I enjoyed two reunions in September: the Edgewood all-school gathering and the one for my Class of 1960 at Southport High. My therapy dog, Stuart, attended the Southport reunion picnic so he could visit with the folks he has met over the years.
My good friend Richard Smith and his wife, Marsha, who were at their summer home in northern Indiana, came down for the reunion. A few weeks ago I was showing a picture of Marsha with the Southport Cardinal, who “flew” in for our picnic.
A week or so later, Marsha and Richard were back in town for a couple of days, visiting family and friends while on their way home to Austin, Texas. We usually get together for breakfast – often at the Lincoln Square Pancake House – when they are passing through.
Richard and I have messed with each other for many years. He was the person who tricked me into meeting him at my family’s old house (now The Longacre Tavern) on the evening that my friends and classmates held a roast in my honor there. Richard told several “Fred stories,” claiming that he was getting even for a couple of “Smith” stories shared in this column.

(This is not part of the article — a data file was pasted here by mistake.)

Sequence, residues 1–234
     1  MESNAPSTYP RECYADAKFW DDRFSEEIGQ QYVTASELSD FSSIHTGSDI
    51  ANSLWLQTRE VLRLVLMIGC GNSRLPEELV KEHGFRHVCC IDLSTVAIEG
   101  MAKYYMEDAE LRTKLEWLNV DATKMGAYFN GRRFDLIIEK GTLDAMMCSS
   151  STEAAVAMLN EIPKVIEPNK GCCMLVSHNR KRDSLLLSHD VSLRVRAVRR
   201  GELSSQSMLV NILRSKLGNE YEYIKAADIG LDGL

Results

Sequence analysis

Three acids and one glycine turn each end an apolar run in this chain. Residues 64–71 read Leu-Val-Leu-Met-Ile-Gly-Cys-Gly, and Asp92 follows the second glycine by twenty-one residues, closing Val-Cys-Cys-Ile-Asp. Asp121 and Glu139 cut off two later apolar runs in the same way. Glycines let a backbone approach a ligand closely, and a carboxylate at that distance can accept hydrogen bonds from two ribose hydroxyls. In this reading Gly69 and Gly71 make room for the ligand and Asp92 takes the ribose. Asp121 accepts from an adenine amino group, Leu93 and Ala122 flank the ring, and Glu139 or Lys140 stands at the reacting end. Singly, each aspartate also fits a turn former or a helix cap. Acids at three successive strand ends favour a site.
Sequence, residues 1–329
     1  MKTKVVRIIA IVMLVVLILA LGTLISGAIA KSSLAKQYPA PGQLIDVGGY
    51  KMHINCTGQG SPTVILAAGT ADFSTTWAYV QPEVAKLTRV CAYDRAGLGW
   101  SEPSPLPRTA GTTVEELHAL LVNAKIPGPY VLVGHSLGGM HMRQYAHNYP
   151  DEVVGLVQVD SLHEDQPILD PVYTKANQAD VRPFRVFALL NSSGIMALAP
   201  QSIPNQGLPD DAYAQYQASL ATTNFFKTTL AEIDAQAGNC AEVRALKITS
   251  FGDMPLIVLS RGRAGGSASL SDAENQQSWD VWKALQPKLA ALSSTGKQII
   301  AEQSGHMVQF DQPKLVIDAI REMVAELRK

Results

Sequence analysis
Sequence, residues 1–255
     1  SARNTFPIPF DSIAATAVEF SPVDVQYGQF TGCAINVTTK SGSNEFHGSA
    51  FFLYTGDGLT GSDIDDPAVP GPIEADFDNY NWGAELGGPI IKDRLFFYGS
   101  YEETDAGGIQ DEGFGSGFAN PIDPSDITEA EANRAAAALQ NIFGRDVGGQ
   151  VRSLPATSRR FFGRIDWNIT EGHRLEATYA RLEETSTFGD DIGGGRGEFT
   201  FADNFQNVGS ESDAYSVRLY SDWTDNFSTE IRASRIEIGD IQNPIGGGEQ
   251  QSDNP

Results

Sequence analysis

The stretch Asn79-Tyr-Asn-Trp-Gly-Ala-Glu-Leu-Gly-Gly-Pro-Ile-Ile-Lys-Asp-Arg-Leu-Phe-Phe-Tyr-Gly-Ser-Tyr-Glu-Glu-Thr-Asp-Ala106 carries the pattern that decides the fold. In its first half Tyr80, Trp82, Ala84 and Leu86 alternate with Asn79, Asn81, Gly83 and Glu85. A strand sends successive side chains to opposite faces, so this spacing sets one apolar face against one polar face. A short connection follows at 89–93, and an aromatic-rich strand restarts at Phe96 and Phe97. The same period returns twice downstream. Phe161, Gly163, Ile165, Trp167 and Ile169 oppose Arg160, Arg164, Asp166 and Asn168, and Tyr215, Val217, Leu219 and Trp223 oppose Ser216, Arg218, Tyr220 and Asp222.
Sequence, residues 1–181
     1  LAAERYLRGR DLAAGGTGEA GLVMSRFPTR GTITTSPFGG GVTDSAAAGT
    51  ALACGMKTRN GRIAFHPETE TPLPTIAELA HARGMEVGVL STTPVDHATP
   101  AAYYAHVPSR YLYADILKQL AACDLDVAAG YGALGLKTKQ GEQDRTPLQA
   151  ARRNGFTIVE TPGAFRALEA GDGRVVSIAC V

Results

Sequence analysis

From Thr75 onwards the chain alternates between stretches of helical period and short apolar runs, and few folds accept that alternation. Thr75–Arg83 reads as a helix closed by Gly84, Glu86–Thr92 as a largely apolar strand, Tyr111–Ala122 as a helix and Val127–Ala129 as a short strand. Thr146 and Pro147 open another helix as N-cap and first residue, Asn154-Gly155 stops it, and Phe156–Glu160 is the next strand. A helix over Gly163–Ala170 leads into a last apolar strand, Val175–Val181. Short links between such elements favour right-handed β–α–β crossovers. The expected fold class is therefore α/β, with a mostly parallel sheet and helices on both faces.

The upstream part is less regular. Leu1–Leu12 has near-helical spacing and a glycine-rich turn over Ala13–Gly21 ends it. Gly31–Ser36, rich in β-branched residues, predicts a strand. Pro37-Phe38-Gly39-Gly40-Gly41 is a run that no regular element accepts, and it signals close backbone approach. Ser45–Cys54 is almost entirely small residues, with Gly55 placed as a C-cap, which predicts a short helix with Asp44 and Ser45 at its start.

On the morning of our breakfast, Lyn was running a little late so I decided to get to Lincoln Square a few minutes early in case there was a wait for a table. While sipping my coffee I thought about the breakfast that we had there in other years. That got me thinking about some of Richard’s goofy eating habits.
He often ordered just one slice of toast. A couple of times I saw the “Why me?” look coming from our server.
When my server stopped to check on my need for coffee several weeks ago, I told her about Richard. I asked her if she could fix a slice of burned toast and serve it to him on her first trip to the table after he arrived.
She loved the idea and was laughing as she headed back to the kitchen. After Richard and Marsha and Lyn were seated, our waitress came to our table served him a burnt slice of toast.
He looked a bit shocked for a few seconds before seeing my “gotcha” smile. I glanced around and noticed that several tables and the staff enjoyed the antic.
I am now frequently looking over my shoulder because I know he’s going to get me.
A week or so after the reunions, Stuart was scheduled as the main speaker for the Perry Township/Southport Historical Society meeting. But he got a little nervous at the last minute and asked me to fill in for him. I showed some slides and talked about his work as a therapy dog.
Shonk is a 1960 graduate of Southport High School, a ’63 grad of Indiana Central College (now the University of Indianapolis) and a retired bus driver from Beech Grove Schools.